Before I turn to De Warren’s criticism in more detail, I briefly want to present Luft’s main points. When he presents his thoughts in the Introduction to his book, Luft begins with some basic but crucial Husserlian assumptions like “the only way to experience the world is from my own perspective,” (Luft 2011, 10); “it is impossible to leave the confines of our mind,” (Luft 2011, 12); and “[t]he Husserlian turn to transcendental idealism, by contrast [to Kant], is motivated by the factum of the world and its justification” (Luft 2011, 13). With respect to Husserl’s famous correlational a priori, which Luft calls the “One Structure,” Luft’s claim, then, is that “Husserl’s entire focus is on the thoroughgoing correlation of subjective and objective” (Luft 2011, 15). Luft considers this the main thesis of his book (cf. Luft 2011, 14).

I totally agree with these foregoing claims. Luft rightfully focuses on the correlational a priori and rightly declares this aspect the main core of Husserl’s transcendental phenomenology. Husserl does not aim at proving that there is objective knowledge and justification but at explaining how this is possible. In doing so, one has to focus on the subject, more precisely, on the structures of intentionality. By explicating my knowledge of objects and states of affairs, I have to investigate from the first-person perspective how these objects are given to me within my experiencing them. The aim, then, is gaining essential insights about the structures of intentionality, such as the essential feature of perception to have the phenomenal character of self-givenness or givenness in actuality (Husserliana XVI, 14) − what Husserl often but most notably in his “principle of all principles” calls originary givenness.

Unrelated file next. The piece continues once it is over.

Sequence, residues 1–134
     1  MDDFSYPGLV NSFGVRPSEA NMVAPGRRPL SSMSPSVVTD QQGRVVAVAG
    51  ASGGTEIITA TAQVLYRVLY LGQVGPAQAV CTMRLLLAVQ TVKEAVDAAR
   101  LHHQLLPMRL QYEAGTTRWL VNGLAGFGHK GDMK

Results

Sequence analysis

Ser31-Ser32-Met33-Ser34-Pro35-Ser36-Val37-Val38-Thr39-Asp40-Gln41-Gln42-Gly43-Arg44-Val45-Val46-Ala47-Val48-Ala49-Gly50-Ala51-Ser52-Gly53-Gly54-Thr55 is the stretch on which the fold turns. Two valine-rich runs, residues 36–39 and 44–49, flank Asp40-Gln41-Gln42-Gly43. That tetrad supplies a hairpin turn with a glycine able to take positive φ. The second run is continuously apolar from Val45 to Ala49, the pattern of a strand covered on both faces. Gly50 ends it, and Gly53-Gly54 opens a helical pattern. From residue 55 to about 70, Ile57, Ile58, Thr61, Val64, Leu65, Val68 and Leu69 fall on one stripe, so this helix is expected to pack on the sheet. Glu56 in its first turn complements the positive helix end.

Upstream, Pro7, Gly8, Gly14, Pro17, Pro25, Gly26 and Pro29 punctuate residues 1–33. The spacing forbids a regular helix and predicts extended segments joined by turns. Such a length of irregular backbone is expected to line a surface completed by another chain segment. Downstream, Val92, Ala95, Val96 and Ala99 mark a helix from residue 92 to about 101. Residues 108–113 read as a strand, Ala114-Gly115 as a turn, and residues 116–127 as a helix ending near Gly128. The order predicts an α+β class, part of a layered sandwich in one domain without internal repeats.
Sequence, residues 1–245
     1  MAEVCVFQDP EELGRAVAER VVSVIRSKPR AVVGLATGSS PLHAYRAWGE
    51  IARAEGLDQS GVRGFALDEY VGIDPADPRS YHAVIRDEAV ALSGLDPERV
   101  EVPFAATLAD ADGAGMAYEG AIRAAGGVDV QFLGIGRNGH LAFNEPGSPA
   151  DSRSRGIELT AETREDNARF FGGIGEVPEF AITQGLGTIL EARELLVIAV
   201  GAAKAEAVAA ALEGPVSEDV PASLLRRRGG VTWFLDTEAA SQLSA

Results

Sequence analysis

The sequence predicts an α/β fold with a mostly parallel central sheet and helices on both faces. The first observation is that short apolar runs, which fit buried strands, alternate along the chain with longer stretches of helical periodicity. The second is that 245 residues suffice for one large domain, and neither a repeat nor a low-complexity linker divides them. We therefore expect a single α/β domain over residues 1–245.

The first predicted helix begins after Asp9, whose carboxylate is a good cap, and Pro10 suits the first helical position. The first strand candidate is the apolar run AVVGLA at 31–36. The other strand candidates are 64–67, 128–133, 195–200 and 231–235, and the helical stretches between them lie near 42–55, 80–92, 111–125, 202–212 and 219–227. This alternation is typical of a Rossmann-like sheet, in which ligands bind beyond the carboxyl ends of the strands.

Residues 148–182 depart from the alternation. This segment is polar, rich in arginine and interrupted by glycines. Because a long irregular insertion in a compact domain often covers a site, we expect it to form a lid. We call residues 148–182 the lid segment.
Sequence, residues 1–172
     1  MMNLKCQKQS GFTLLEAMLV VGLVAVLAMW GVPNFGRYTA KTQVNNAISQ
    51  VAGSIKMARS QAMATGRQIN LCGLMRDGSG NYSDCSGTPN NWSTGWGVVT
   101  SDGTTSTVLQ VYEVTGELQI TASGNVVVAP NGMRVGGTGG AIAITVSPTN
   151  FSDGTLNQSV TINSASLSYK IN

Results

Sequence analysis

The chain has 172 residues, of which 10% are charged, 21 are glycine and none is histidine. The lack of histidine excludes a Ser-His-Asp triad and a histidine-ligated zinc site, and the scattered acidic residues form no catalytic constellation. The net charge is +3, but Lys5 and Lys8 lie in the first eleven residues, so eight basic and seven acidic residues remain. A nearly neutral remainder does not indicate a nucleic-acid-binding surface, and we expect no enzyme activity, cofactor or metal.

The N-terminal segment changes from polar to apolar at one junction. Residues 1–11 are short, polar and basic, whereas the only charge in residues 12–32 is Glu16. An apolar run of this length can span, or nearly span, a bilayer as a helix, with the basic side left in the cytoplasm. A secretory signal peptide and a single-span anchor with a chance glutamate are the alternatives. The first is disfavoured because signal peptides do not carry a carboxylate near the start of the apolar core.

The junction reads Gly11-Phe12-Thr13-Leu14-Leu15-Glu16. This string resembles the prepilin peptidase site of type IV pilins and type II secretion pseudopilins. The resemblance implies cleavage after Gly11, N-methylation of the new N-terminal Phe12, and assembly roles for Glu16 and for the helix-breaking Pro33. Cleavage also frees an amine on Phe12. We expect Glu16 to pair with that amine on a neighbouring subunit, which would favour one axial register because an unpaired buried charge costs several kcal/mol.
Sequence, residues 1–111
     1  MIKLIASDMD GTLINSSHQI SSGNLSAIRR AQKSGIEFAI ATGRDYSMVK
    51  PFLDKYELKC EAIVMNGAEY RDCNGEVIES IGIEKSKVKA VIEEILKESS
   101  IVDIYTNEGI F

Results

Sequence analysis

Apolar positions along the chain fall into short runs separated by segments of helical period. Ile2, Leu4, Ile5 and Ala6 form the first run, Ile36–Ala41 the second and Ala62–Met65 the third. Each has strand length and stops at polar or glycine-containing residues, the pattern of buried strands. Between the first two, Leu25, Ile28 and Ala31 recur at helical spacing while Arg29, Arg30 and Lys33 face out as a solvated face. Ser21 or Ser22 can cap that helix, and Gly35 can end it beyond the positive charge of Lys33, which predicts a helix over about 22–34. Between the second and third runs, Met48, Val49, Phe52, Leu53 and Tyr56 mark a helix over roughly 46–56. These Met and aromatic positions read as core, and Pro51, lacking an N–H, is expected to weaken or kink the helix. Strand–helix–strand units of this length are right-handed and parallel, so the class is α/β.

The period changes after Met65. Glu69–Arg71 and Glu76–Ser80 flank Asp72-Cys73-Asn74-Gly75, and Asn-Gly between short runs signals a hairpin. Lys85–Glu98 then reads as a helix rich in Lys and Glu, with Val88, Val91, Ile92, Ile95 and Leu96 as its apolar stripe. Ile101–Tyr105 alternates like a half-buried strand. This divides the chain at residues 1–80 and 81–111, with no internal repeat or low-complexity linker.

Having said this, the question, of course, is how does Luft determine this correlational a priori? What are the end points of this correlation? In the literature, most often, it is described as a correlation between subject and object, sometimes between subject and world. Luft makes clear that he does not view this correlation “as a thoroughgoing correlation of the One structure with its poles, I and world” but “as a balance between both poles in which they are ‘always already’ intertwined, interrelated, dancing a tango” (Luft 2011, 18). This world, for Luft, is the life-world, which is (and this is the “provocative” part of Luft’s analysis) the world of culture (Luft 2011, 27). My main issue with this portrayal is its narrow focus on how our culture and history shape our experiencing. Interpreted modestly, this means that already in Husserl you find claims like “There is no view from nowhere,” or “All experience is theory-laden” (Cf. Moran’s remark at p. 118). Interpreted strongly, this can lead to the implausible phenomenalist consequence that there is an ontological distinction between what we experience and the things in themselves. (De Warren accuses Luft of undermining a non-phenomenalist reading of Kant at p. 150.) Either way, this disguises what I take to be the most important insight of Husserl’s correlational apriori. Namely that,